After an instruction has been executed, the instruction piece should be returned to its owner's code pool, and that player's next leftmost instruction should immediately be pushed forward into his or her program register. Once again, follow the above rules to determine which instruction should be executed next, and then execute it. (Note that it is perfectly possible for a player to execute two or more instructions in a row.) Repeat this process until every instruction has been executed.
When all instructions have been executed, move on to the Board Movement Phase.
Executing Individual Instructions
Each instruction in your program will cause your RAMbot to move and then fire a beam of colored energy in front of itself. Each piece in a program should either be lying down and pointing in one of the four cardinal directions, or standing upright on its base. The orientation of the instruction piece indicates how your RAMbot will move, and the color of the instruction piece indicates what kind of beam your RAMbot will fire.
<b>RAMbots may only move in the directions of the arrows on the square it is in. If a RAMbot attempts to move in any other direction it does not move. An instruction piece lying on its side tells your RAMbot to move in the direction the instruction piece is pointing. When you execute this instruction, move your RAMbot one, two, or three spaces in the appropriate direction, depending on whether the instruction piece is small, medium, or large. If your RAMbot is not already facing in the direction that your instruction piece is pointing, the first unit of the movement instruction will be used to reorient your RAMbot in the appropriate direction. So, for instance, if you have a large movement instruction piece pointing in a different direction than your RAMbot, you must first reorient your RAMbot (using one unit of the movement action), and then move it two spaces in the appropriate direction. A small-sized movement instruction will therefore reorient your RAMbot without moving it if it's not already facing in the appropriate direction. If at any time your RAMbot is standing on its base (as it is at the beginning of the game), the first unit of a movement instruction will tip your RAMbot down and point it in the appropriate direction, to be followed by the rest of the movement action.
An instruction piece standing on its base represents "reverse gear"—it causes your RAMbot to move backwards away from the direction that it's currently pointing, for one, two, or three spaces. If your RAMbot is currently standing on its base, an upright instruction will not move your RAMbot at all.
Pushing and RAMing
If, during one of your movement instructions, your RAMbot moves forward into or backs into a space that contains a beacon or another RAMbot, the object will be pushed. Note: No RAMbots may be pushed or pulled off the Martian Coasters and into the board element rows. If there are objects directly on the other side of the pushed object, they will be pushed along with it. If an object cannot be pushed any further (because it's against a wall, or it's against objects which are against a wall), your RAMbot simply stays where it is (though you do still make contact with the object). If your RAMbot runs directly into a wall, nothing special happens. If you make contact with another object with the nose of your own RAMbot, you have RAMed that object. (If you back up into an object, or if you get pushed into another object during someone else's instruction, you do not RAM that object.) If you make contact with another object multiple times during a single instruction, this only counts as a single RAM. Whenever you RAM another player's RAMbot, you cause damage to that RAMbot. Take the highest precedence piece from that player's code-pool and add it to your own code-pool. In other words, take the smallest piece available in that player's code pool; if there's a tie for smallest piece, take a piece of the color that's highest on the precedence stack. If there are currently no pieces in that player's code pool, you don't get to steal any pieces. You may not steal pieces from an opponent's currently running program.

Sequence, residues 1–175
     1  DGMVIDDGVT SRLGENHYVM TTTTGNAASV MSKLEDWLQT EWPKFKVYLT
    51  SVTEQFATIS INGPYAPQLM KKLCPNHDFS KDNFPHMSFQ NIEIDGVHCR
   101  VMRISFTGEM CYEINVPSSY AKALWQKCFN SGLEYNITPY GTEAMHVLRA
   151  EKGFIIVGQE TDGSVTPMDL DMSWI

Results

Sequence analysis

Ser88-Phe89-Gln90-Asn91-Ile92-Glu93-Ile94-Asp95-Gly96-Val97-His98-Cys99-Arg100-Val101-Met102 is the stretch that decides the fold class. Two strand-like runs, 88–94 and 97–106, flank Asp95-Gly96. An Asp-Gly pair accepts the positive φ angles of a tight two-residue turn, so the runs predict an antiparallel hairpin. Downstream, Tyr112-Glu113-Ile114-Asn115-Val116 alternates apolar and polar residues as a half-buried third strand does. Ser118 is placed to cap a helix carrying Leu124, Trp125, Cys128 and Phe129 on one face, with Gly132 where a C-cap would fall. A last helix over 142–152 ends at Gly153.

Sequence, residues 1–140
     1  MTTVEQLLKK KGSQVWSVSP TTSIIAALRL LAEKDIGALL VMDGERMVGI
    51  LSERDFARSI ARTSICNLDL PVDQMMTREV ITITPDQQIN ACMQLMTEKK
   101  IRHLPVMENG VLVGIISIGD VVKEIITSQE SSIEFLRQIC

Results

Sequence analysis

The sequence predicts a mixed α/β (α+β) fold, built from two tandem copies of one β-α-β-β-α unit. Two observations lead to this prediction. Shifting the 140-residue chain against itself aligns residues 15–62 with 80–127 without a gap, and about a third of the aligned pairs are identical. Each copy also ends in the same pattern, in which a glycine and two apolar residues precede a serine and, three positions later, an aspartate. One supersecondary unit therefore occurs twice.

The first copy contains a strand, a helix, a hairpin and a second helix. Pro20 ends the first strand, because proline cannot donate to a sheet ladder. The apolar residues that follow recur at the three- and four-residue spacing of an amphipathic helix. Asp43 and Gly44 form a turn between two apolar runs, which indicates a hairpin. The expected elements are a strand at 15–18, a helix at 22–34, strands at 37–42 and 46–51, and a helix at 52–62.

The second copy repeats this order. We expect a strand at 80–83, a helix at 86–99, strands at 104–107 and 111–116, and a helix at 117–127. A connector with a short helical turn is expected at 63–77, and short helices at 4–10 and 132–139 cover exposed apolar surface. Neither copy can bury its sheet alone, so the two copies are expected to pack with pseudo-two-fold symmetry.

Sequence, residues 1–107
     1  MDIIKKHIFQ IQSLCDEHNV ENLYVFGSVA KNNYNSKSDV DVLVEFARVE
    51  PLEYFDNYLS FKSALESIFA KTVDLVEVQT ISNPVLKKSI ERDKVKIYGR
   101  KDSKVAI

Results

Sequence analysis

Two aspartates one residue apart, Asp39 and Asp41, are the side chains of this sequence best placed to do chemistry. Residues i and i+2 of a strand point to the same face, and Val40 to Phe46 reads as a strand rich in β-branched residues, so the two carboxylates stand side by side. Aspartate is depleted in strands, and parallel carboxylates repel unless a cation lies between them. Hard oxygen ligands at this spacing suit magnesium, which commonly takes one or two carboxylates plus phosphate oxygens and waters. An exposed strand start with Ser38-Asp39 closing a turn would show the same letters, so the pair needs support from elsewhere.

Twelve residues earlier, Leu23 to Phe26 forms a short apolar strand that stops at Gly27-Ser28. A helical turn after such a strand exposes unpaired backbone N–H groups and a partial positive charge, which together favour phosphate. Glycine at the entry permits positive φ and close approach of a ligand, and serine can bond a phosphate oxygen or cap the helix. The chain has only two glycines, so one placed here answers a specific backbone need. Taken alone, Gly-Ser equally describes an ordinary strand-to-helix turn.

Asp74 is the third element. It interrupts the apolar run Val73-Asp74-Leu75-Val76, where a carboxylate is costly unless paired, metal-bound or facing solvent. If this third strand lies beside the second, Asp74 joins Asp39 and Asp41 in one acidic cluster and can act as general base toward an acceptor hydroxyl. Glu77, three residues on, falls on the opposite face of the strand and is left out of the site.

If you RAM an upright object (whether it's a beacon or a RAMbot), tip it down onto its side, facing away from the point of impact. If that object matches the color currently on top of your goal stack, you have tagged a goal. Remove the top piece from your goal stack, and add it to your own code-pool.
Colored Energy Beams
After your RAMbot moves, it will fire a colored energy beam in a straight line out in front of itself. The beam's color is determined by the color of your instruction piece. The beam will affect the first object it hits. If a beam hits a wall, or fires straight upwards, it has no effect.
Blue—Push A blue beam will push any object it hits (along with anything else that the object runs into) away from your RAMbot for one, two, or three spaces, depending on the size of your blue instruction piece.
A yellow beam will pull any object it hits toward your RAMbot for one, two, or three spaces, depending on the size of your instruction piece. If an object is pulled all the way into the nose of your RAMbot, the object remains in the space next to your RAMbot. This does not count as a RAM; you cannot damage another player, tag a goal, or knock over an upright object in this fashion.
A green beam will set any object it hits upright.
A red beam will damage any RAMbot that it hits. (This is in addition to any RAMing damage caused during this instruction.) Take the highest precedence piece from that player's code-pool and add it to your own code-pool. The red beam itself does not actually RAM an object; you cannot tag a goal or knock over an upright object with the red beam.
Note regarding Energy Beams: Aside from red beams (lasers) being able to destroy some types of board elements, no other energy beams have any effect on board elements.
The Board Movement Phase
The player holding the Torch rolls the Treehouse die. Instead of applying the results to the Martian Coasters, they are instead applied to the entire Volcano board the coaster rests upon. Once the Board Movement phase is complete, the current player who holds the Torch passes it to the player to his/her left. When a player is instructed to add a new random board element to the table he or she must place the board element on the Volcano board that currently has the least number of board elements. The player can place it on any of the 4 board element rows on that Volcano board. If more than one Volcano board is tied for having the fewest board elements then the player decides which to place the new board element on. The description of the results for the Treehouse die roll are: